World’s first biojet fuel made from wood waste powers commercial flight

The world’s first commercial flight powered by renewable, alternative biojet fuel made from wood waste took place recently in the United States.

The plane, belonging to Washington state-based Alaska Airlines, flew from Seattle-Tacoma International Airport to Reagan National Airport in Washington, D.C. on Monday.

biojet fuel Alaska AirlinesThe jet plane, powered with biojet fuel made from forest residuals, flew from Seattle-Tacoma International Airport. Photo: Robert Hubner, WSU Photo Services

The fuel used to power the flight is a 20 percent blend of sustainable aviation biojet fuel made from cellulosic sugars derived from forest residuals – the limbs and branches that are left over and often burned after timber harvesting of managed forests.

The biojet fuel – which is chemically identical to regular jet A fuel – is the work of the Northwest Advanced Renewables Alliance (NARA).

Led by Washington State University (WSU), NARA is an alliance of 32 public universities, government laboratories, and private enterprises in the Pacific Northwest region of the U.S.

Creating a biojet fuel and bioproduct industry in the Pacific Northwest

The flight marks a significant milestone for NARA, made possible by a $39.6 million grant from the U.S. Department of Agriculture National Institute of Food and Agriculture (NIFA).

The grant was awarded for funding research on biofuels and biochemicals, help build supply chains, stimulate rural economic development, and educate the public about bioenergy.

Ralph Cavalieri, NARA executive director, says the alliance and its partners have helped to generate a biojet fuel and bioproduct industry in the Pacific Northwest from forest residuals that would otherwise become waste products.

Joe Sprague, senior vice president of communications and external relations at Alaska Airline says:

“This latest milestone in Alaska’s efforts to promote sustainable biofuels is especially exciting since it is uniquely sourced from the forest residuals in the Pacific Northwest.”

Biojet fuel made from cellulosic sugars from wood waste

One of the NARA partners, Gevo Inc., a leading renewable chemicals and advanced biofuels company, adapted its patented technologies to convert cellulosic sugars from wood waste into renewable isobutanol, which is then converted to Gevo’s Alcohol-to-Jet (ATJ) fuel.

ATJ conforms with American Society for Testing and Materials (ASTM) D7566 standards – ensuring it is safe for use in commercial aircraft.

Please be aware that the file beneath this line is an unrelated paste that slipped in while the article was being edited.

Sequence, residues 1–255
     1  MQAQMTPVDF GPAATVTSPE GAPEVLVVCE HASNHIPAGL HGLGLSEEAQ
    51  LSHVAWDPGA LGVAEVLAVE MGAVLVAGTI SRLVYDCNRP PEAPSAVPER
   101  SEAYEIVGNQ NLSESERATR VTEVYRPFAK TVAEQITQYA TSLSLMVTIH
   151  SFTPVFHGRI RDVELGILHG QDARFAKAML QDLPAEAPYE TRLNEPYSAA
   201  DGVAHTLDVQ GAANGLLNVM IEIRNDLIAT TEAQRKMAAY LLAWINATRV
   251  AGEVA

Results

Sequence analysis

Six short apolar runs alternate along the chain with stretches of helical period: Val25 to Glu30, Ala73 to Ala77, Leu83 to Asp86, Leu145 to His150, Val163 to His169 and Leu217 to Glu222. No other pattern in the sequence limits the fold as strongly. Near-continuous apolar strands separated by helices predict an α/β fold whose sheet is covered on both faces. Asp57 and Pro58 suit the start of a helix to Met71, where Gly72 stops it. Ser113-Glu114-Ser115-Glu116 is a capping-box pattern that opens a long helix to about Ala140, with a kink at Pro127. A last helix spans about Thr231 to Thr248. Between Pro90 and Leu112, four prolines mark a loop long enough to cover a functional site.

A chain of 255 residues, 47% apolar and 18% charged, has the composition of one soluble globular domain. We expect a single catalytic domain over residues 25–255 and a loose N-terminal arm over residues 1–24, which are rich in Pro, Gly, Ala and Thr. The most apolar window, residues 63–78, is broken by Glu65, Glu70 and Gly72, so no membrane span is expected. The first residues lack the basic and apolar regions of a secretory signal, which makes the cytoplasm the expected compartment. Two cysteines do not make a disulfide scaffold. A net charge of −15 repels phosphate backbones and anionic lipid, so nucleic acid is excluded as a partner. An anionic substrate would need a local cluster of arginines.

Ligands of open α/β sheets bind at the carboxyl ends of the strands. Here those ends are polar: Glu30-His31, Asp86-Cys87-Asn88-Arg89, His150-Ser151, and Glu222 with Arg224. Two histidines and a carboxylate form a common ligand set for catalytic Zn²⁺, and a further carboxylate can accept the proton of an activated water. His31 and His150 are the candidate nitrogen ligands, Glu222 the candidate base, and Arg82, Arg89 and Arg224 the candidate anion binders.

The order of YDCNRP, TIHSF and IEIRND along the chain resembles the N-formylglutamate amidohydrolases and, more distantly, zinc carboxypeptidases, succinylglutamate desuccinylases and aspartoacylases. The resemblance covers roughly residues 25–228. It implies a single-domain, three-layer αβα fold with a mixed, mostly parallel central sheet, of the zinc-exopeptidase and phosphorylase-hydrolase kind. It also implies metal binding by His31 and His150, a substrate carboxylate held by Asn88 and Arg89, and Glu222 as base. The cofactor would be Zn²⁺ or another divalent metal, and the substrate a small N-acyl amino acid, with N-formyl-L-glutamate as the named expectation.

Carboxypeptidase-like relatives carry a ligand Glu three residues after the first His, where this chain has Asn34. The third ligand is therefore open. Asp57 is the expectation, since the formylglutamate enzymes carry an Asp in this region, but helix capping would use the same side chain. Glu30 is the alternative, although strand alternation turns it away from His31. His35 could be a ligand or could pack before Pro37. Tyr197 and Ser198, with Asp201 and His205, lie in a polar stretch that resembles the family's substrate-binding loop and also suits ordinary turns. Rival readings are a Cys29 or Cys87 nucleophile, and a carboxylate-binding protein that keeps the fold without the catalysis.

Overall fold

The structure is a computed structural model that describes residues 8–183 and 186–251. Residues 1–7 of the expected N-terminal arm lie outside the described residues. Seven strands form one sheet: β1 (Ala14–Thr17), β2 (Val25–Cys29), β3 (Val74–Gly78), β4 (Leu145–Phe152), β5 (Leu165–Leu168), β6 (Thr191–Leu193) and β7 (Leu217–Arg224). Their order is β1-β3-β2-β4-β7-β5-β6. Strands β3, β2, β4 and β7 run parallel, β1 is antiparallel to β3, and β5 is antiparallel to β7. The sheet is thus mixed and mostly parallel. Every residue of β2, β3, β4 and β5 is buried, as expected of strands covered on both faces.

The flight on Monday follows two other commercial Alaska Airlines flights in June this year that were powered by Gevo’s ATJ made using sustainable corn as the sugar feedstock.

Pat Gruber, Gevo’s CEO, says:

“We are pleased that we had the opportunity to prove, through the NARA project, that cellulosic sugars from wood can be used to successfully make commercial jet fuel.”

Potential to significantly reduce greenhouse gas emissions

Monday’s flight only used 1,080 gallons of biofuel, so it hardly makes any impact on reducing the airline’s overall greenhouse gas emissions.

However, if Alaska Airlines were to replace 20 percent of all its fuel supply at Sea-Tac Airport with the new biojet fuel, it would reduce the airline’s greenhouse gas emissions by about 142,000 metric tons of CO2.

Such a reduction would be equivalent to 30,000 passenger vehicles being taken off the road for 1 year.

Need to assess impacts as well as benefits

The forest residual feedstock used to make the biojet fuel for the flight was sourced from tribal lands and private forestry enterprises in the Pacific Northwest.

Under the auspices of the NARA project, the collaborators not only produced the biojet fuel, but also evaluated the economic, environmental, and social benefits and impacts of harvesting forest residuals as the feedstock.

This appears to be in sharp contrast to some industrial wood-for-fuel schemes that are raising concerns elsewhere.

Following an investigation into the effect that “the rapidly-expanding wood pellet industry and rising biomass demand in Europe” is having on “vulnerable forests in the U.S. Southeast,” the Natural Resources Defense Council has urged:

” … policymakers in both Europe and the U.S. to reform policies that require sound carbon accounting, toughens sustainability standards and caps biomass levels to ensure sustainable sourcing.”